Gay Dad Life

"Fridays with Fitz": A New Kid's Book Based Upon the Son of These Two Dads

Tracey Wimperly, author of the new children's book, said she hopes to give a more honest portrayal of the role grandparents play in the lives of children.

Guest post Tracey Wimperly

I've recently written a children's picture book (aimed at 2-4 year olds) called "Fridays with Fitz: Fitz Goes to the Pool." Every Friday - when his two dads go to work - Fitz and his grandparents (my husband, Steve and I) head off on an adventure. Through the eyes of a curious and energetic 3 year old, even ordinary adventures, like riding the bus or foraging for fungus in the forest can be fun and magical.

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Gay Dad Life

8 Ways for Dads to Find Work/Life Balance

Finding work/life balance is hard enough... but can be even harder for gay dads.

Having kids is an amazing part of life, and it should be fun. Life does tend to get in the way sometimes, and one huge aspect of that is work. Striking that balance between work and home life is tough. If you both work it's even harder.

And if you're a gay couple, it can have it's own set of problems above and beyond the standard work-life issues that people face. Recently, the Harvard Business Review conducted a study that focused specifically on the experiences of same-sex couples who wanted to make moves towards a work/life balance.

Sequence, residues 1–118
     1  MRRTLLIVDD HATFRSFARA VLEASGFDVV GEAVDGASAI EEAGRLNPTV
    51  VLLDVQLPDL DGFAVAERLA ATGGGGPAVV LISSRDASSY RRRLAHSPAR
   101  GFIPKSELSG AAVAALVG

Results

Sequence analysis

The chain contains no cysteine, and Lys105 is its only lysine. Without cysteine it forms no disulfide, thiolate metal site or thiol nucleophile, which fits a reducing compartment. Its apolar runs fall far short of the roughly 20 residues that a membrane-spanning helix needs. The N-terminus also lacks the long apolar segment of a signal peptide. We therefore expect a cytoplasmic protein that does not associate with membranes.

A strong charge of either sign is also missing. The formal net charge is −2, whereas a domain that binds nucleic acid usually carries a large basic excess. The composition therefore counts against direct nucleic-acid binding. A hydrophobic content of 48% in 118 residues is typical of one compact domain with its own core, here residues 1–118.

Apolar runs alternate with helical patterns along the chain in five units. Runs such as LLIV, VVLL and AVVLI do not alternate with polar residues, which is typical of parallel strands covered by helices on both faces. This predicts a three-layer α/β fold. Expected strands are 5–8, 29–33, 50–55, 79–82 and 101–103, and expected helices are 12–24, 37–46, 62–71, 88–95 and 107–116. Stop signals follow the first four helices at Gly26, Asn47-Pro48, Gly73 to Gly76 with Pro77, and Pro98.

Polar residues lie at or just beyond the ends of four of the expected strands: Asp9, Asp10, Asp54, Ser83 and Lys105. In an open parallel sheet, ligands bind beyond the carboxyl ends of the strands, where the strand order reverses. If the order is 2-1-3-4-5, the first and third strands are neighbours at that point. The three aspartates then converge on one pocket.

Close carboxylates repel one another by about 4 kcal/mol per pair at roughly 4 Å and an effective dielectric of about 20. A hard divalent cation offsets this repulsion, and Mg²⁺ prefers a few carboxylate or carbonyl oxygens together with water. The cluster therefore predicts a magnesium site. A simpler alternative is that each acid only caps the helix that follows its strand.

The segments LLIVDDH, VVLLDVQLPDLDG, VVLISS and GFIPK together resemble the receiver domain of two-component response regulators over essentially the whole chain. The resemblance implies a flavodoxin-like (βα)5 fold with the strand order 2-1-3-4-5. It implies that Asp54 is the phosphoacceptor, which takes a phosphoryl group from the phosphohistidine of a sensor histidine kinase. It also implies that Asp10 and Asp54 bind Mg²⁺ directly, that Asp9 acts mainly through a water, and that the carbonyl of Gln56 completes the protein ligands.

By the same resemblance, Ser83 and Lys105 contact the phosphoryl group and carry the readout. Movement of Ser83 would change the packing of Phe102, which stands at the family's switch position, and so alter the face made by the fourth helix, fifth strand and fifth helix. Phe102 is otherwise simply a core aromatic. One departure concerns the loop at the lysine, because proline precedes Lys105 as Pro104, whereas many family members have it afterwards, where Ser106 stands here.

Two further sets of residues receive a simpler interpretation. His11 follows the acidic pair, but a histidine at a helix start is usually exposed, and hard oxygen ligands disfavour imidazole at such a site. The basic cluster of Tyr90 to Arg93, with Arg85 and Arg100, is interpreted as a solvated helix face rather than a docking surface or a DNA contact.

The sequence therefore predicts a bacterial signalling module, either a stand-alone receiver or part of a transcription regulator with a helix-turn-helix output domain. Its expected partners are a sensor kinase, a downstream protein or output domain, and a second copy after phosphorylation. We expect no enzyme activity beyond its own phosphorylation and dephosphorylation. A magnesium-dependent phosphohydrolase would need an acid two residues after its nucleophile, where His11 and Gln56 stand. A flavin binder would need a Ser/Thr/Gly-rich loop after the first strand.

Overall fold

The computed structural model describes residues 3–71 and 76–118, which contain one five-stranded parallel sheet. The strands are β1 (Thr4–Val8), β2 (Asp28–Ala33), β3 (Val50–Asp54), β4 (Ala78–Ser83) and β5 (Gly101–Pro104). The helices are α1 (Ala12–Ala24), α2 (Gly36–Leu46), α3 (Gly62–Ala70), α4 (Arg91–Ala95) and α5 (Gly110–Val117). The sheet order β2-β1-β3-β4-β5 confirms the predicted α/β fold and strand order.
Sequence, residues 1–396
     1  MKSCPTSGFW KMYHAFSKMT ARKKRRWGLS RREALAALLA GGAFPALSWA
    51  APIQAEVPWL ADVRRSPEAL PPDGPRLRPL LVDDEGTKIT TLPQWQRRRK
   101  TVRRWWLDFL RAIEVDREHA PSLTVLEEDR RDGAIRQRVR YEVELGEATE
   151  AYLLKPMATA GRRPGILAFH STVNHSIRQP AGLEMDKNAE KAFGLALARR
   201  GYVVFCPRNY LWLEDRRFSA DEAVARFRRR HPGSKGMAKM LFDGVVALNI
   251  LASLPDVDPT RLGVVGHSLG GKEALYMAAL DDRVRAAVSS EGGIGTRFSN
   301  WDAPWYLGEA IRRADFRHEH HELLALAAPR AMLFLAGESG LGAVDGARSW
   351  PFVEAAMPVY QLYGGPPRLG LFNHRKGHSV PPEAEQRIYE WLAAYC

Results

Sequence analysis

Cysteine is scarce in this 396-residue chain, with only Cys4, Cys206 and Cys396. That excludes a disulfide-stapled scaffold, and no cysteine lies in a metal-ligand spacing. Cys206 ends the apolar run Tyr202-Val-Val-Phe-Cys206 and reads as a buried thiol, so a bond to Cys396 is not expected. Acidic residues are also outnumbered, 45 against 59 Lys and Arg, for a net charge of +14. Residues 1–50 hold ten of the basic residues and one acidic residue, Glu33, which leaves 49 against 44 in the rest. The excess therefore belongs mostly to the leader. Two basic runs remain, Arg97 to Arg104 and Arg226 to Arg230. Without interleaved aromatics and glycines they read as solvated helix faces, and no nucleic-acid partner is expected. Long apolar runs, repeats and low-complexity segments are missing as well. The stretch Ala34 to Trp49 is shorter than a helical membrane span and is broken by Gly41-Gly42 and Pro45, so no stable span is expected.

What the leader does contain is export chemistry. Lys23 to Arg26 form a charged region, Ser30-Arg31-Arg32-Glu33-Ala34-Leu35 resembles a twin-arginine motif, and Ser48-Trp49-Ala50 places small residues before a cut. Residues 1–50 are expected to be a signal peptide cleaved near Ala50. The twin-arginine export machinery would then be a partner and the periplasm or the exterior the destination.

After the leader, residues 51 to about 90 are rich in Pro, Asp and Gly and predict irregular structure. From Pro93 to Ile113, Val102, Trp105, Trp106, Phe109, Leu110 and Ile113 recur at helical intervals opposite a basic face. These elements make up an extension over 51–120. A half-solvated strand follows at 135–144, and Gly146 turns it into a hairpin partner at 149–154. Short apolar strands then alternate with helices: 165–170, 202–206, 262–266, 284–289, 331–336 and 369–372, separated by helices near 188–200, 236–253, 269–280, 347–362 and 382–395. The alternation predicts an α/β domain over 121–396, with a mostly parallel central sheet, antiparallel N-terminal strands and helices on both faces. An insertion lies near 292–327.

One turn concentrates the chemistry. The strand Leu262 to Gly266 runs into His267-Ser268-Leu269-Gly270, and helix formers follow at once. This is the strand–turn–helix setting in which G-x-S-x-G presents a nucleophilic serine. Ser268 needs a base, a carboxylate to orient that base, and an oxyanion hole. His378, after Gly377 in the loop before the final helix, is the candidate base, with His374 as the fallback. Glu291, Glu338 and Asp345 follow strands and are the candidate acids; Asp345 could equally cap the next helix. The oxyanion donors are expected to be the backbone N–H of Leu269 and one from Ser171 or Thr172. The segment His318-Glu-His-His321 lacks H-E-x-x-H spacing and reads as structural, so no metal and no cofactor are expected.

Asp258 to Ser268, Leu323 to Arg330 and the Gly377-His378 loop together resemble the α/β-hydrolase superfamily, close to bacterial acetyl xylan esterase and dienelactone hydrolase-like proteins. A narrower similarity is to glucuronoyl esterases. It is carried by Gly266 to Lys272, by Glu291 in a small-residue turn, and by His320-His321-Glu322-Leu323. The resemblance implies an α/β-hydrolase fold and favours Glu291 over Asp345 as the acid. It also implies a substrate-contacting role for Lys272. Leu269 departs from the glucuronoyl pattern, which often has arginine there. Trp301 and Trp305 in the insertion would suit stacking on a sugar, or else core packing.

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Gay Dad Family Stories

David and Ben Met on the Dance Floor — and Are Now Grooving Their Way Through Fatherhood

David and Ben, who became fathers with the help of Northwest Surrogacy Center, live in Melbourne with their daughter, Maia.

In 2003, while both studying at Reading University in the UK, Ben Suter and David Cocks met after locking eyes on the dance floor and then being introduced by a mutual friend. Ben, a meteorologist and Operations Manager, and David, an Assistant Principal, have been together ever since. They moved to Australia together in 2010, seeking a different life, and an overall better work-life balance. The chose Cairns in Queensland as their new home, between the Great Barrier Reef and the tropical rainforest, "taking life a bit easier," said David. The couple were also married in June 2016, back home in England.

While David always wanted kids, Ben took a little convincing. So they started their parenting journey with a dog, Titan, who quickly became like their first born. From there, Ben came around rather quickly.

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Personal Essays by Gay Dads

Single Gay Dad and the City

When Kyle decided to take his four kids, ages 6-11, to New York City on vacation, his friends thought he was crazy.

"You're crazy, Kyle."

"You can't be serious? A single dad taking four kids to the Big Apple? Think again."

"That's bold. There's no way I'd do that."

Those were a few of the responses I heard from my friends as I told them I was thinking of booking a trip to New York City with four kids, ages 11-6. My children's fall vacation from school was approaching and I wanted to get out of the house and explore. Was the Big Apple too much of an adventure?

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National's Pitcher Cites Wife's Two Moms as Reason for Declining White House Invite

"I think that's an important part of allyship," Doolittle said of his wife's two moms.